burn·out ˈbərnˌout/ physical or mental collapse caused by overwork or stress.

I think most of us have been there. You know, that realization in the middle of the night that you absolutely can not go on any further. Even though you haven’t memorized all 300 vocabulary words, it’s definitely time to turn the lights out and go to bed because not only can you not cram any more information in your head, but you also feel like you literally cannot push through any longer without having some sort of mental/emotional breakdown. And that the feeling won’t go away after you take this exam tomorrow because it’s become a part of your life.


I’m a little afraid for a lot of college students. That a lot of us experience burnout too frequently and that some of us experience burnout so drastic that we literally cannot continue. Don’t get me wrong: I think it’s great to constantly push yourself further to be all that you can be, but when it becomes exhausting to a point of misery, I don’t think it’s okay anymore.

Every summer of college so far, I’ve been thrown a million opportunities. Study abroad! Paid research! Live for free on campus as a Resident Assistant! Do an internship to build your resume! I filled myself up with these opportunities last summer. Partially because I felt like going home would be miserable, but also because I felt like I needed to do so in order to keep up with everyone else. I went for nearly two full years with virtually no extended break and it seemed great at the start, but I quickly learned that I was living an unsustainable lifestyle. (Note: I know there are no breaks in the real world. But in the real world people aren’t expected to juggle all of their extracurriculars, the pressure of success, and a full time job, especially not when they’re 20 years old. The ones who do all of that experience burnout, too.)

As a result, six or seven months ago I made the decision to leave the second half of my summer untouched. To make sure I was doing nothing except relaxing. This time, it meant going home to be with my family, going on vacation with them to Florida, and going to Austin for a week to visit John. I’m almost halfway through my self-mandated break, and I think it was one of the best decisions of my life so far.

It’s not sustainable to have every single break (summer and winter) shortened by a week or three because of RA training. It’s not sustainable to work a full-time job, complete 50 hours of community service, fully participate in extracurricular activities, and be a functioning resource to my residents all at once. I needed some time off.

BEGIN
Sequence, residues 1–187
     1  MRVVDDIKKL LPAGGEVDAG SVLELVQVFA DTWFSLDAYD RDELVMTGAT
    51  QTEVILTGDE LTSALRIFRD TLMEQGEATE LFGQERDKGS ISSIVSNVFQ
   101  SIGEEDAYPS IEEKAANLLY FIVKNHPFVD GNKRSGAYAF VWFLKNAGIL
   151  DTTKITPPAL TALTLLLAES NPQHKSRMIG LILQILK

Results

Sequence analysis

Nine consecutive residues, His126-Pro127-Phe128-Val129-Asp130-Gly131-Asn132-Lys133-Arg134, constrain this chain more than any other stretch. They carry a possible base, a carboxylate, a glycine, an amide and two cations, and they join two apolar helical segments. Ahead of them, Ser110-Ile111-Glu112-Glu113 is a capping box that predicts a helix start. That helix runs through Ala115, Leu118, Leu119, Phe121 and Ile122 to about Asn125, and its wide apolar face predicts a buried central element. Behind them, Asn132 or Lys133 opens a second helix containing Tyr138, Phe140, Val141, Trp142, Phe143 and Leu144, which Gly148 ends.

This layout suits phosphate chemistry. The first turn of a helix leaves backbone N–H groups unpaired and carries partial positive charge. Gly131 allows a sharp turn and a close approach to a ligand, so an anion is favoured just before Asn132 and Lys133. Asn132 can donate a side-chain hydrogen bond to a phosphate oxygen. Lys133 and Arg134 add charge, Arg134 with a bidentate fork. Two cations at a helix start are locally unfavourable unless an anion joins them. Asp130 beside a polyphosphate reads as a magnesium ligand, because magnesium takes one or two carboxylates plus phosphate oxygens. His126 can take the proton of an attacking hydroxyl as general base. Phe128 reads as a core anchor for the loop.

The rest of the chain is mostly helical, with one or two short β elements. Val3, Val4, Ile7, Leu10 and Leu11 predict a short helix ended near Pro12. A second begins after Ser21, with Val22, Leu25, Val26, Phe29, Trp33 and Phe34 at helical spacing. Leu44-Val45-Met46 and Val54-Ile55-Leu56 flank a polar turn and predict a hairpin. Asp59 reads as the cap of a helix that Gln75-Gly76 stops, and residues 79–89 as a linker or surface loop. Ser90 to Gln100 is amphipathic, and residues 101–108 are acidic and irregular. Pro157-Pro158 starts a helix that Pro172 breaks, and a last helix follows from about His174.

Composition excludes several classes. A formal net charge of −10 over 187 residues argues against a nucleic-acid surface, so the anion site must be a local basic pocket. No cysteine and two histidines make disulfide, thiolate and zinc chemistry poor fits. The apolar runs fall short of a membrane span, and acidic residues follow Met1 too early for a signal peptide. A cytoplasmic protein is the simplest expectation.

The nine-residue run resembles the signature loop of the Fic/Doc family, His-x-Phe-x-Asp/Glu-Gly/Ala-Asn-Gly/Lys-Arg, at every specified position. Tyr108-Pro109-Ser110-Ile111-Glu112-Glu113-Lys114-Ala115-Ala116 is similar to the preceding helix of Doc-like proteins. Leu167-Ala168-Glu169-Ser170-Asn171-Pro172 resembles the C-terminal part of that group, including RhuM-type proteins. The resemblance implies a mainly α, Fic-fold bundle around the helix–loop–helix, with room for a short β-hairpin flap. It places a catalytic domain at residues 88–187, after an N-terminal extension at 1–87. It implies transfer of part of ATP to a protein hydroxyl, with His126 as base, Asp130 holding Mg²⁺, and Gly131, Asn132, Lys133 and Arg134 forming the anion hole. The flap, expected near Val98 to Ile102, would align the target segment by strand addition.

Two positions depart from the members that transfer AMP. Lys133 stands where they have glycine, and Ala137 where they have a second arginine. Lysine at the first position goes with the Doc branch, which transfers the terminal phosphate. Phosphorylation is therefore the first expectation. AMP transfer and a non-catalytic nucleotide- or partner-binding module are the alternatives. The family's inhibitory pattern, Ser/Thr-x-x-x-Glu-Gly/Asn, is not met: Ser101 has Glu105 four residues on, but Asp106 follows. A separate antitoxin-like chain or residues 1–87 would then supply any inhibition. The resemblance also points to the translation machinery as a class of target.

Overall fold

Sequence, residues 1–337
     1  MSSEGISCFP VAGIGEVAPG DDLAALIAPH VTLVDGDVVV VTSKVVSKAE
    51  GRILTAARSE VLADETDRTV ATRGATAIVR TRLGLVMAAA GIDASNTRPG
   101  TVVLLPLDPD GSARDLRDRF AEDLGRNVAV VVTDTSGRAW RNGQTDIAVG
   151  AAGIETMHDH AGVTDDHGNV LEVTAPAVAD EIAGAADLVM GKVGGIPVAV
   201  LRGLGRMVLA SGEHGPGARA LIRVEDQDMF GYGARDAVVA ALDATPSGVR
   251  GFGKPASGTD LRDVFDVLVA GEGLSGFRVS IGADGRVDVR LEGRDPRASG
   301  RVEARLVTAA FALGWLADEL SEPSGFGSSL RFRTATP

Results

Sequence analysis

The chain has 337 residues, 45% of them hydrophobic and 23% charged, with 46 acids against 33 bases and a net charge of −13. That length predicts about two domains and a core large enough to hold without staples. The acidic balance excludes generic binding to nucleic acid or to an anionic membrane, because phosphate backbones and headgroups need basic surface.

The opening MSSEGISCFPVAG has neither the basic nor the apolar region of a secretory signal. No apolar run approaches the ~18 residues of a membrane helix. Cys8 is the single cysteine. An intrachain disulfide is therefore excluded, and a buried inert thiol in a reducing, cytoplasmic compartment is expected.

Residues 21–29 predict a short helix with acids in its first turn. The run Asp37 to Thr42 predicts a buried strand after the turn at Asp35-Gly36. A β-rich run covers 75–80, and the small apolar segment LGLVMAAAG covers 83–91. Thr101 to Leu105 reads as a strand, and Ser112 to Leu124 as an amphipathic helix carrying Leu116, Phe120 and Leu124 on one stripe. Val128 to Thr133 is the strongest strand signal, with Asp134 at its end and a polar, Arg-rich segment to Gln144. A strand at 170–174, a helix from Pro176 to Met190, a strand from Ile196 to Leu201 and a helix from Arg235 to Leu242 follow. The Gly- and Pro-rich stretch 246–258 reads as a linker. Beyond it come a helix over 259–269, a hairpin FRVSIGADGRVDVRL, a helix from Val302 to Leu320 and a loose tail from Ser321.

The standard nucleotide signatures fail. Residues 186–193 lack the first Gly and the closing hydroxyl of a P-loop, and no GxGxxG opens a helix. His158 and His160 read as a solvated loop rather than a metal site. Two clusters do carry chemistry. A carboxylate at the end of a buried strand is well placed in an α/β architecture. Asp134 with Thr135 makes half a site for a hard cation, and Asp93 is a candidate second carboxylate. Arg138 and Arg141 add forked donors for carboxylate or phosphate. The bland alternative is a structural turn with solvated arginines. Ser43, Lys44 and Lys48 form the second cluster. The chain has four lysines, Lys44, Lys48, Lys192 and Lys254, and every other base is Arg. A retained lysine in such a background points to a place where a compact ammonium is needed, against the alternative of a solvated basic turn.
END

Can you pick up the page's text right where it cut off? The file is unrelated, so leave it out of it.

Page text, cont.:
It wasn’t easy, though. I was still thrown all of the same opportunities as last summer and I almost took some of them. There’s still a little part of me that feels like I might be behind when I go back to school because I didn’t fill up my time. Or, more likely, that I will be judged by my peers or mentors for “wasting” some of that precious time relaxing.

A bigger part of me knows that I should start encouraging others to take the same kind of breaks. Do a semester in DC or abroad to take some time off of extracurricular activities. Limit your “other stuff” load during the semester that you’re working a full-time job. Clear your plate off and get some peace of mind. Prioritize reading books over attending meetings or socializing with friends over adding an internship.

This may seem impossible for some. Many engineering or health field programs are basically year-round. My RA friends who are pharmacy majors get basically no break because they are required to take classes in a sequence and classes are only offered once a year, plus they have to be back at school weeks earlier than their peers because of RA training. Giving yourself a break doesn’t look the same for everyone, but I think it can be done.

We, college students, need to prioritize taking breaks. To make this a less intensely competitive place where we stop enjoying ourselves because we’re trying to keep up with each other and impress professors. We need to tell everyone no. We can’t take any more on our plate. But mostly, I think we need to tell ourselves and our internal desire to achieve not to put anything more on our plate.